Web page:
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Long IslandColumnistsDan Janison

Mitch McConnell marks his turf at top of Republican heap

Senate Minority Leader Mitch McConnell.

Senate Minority Leader Mitch McConnell. Credit: The Washington Post/Melina Mara

Senate Minority Leader Mitch McConnell has settled in as President Joe Biden's most important Republican adversary. McConnell's exchange of bile with Biden's defeated predecessor only reinforces the Kentucky senator's new place in the power game.

Given that role, McConnell's now-famous public shuffle on Donald Trump's second impeachment trial is easy to understand even for those on both sides who don't forgive it.

By voting to acquit Trump of inciting the U.S. Capitol insurrection, McConnell acted with the majority of his caucus, many of whom clearly had reason to fear backlash from state GOP bosses if they voted otherwise.

But by also condemning Trump's conduct, McConnell said out loud what some of those members might have wished to say — and made clear who now calls the partisan shots.

Normal politics can be the art of cutting things both ways, and McConnell keeps a tight grip on partisan power. Remember: He became a force in Washington long before Trump arrived, and he remains one now.

Criminally or not, Trump on Jan. 6 demonstrated his self-serving disloyalty, not only to the nation but to the party he took over nearly five years ago. That's what lay below McConnell's statement. In losing the election and then lying about it, Trump probably had cost Republicans the Senate majority. McConnell had no incentive to pretend respect for Trump.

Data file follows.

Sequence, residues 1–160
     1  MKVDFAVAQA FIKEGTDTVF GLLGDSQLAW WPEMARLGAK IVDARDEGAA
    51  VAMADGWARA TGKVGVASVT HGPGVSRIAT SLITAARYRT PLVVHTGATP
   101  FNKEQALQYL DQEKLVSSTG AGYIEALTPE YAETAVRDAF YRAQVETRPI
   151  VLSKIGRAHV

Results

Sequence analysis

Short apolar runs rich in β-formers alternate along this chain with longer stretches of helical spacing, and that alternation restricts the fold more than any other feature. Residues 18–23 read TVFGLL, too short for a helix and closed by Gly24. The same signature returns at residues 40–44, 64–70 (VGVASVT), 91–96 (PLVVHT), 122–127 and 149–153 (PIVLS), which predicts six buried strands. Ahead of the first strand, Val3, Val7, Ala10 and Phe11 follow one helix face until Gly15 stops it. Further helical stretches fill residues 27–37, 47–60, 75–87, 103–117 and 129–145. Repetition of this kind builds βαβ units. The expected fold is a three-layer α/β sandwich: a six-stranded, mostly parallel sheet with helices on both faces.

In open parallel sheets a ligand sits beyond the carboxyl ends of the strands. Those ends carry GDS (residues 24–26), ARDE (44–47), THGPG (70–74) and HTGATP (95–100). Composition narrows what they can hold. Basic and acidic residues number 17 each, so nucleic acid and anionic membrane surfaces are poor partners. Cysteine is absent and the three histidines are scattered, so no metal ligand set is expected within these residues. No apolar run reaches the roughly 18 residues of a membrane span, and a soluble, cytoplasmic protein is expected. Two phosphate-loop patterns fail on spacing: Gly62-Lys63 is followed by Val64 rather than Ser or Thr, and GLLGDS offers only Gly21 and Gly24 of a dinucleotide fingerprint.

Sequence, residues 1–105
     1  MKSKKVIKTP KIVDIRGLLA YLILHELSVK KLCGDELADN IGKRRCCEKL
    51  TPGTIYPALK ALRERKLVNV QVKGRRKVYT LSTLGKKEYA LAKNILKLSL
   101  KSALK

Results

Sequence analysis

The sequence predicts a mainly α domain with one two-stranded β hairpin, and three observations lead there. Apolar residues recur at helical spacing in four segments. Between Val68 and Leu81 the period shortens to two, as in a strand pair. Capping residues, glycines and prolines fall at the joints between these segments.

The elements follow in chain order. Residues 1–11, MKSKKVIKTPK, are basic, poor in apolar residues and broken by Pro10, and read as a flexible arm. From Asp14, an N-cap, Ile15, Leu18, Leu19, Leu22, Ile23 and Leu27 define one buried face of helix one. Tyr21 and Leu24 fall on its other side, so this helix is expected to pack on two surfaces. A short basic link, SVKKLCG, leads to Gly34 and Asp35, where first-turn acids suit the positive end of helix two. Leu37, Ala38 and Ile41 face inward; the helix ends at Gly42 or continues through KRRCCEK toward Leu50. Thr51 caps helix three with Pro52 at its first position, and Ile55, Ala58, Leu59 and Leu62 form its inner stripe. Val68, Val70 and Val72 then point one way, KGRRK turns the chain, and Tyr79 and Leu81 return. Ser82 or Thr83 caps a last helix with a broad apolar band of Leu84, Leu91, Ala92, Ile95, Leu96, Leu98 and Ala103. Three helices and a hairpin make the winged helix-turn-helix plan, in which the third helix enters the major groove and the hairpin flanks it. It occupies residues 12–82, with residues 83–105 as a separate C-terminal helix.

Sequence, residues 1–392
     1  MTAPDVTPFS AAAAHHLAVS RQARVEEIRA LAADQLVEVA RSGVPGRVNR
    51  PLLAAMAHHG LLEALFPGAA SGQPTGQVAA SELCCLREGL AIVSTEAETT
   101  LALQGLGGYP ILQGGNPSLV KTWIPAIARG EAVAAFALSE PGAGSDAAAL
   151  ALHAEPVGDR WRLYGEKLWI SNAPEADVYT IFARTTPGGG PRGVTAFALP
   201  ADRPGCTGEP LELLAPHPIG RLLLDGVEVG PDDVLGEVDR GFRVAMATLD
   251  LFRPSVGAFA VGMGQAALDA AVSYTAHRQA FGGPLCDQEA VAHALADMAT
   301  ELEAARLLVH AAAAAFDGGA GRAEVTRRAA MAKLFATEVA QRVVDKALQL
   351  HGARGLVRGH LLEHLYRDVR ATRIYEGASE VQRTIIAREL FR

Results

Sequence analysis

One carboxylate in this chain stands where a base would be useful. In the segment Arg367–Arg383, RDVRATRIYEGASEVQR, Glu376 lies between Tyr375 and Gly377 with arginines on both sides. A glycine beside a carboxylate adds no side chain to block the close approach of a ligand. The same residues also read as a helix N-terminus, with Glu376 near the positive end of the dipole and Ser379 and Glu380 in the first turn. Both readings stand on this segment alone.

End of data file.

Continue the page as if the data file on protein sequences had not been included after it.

Outside the Trump bubble, McConnell's declaration that Trump was "practically and morally responsible" for provoking the violence at the Capitol was taken as just a common-sense observation.

Predictably, the ex-president reacted with vague threats and urged McConnell's ouster. "Where necessary and appropriate, I will back primary rivals who espouse Making America Great Again and our policy of America First," Trump said in a statement.

Trump sounds willing to be as cynically divisive within the GOP as he was across the nation during his term. Democrats might wish to applaud his efforts, as some did when he practically discouraged Georgia Republicans from voting in the Senate runoff races last month.

True to the old form, Trump's latest tantrum included personal smears as well. He said McConnell had "no credibility on China because of his family’s substantial Chinese business holdings."

This will be parroted by the still faithful and helps obscure, for what it's worth, Trump's own ineffective posturing on China. Nobody will meaningfully answer why McConnell's wife Elaine Chao, whose family had the business dealings, remained Trump's transportation secretary for nearly four years.

None of this seems destined to shape what's ahead.

This week, Senate Majority Leader Chuck Schumer (D-N.Y.) called attention to McConnell's positional two-step during a news conference. "I believe he [Trump] deserved to be impeached and he should have been convicted," Schumer said, quipping: "If you don’t believe me, you can ask Mitch McConnell."

One of the more relevant questions ahead is how Schumer will manage to push the Biden agenda with a razor-thin majority.

McConnell has no cause to downplay the degree to which his clout, in tandem with his members', survives in Trump's absence. The seven-term senator recently showed his influence in tough negotiations with Schumer that ended in an agreement over Senate power-sharing rules. The rest of the partisan tension will play out one step at a time, with McConnell rather confidently driving the opposition, regardless of Trump's efforts to undermine him.

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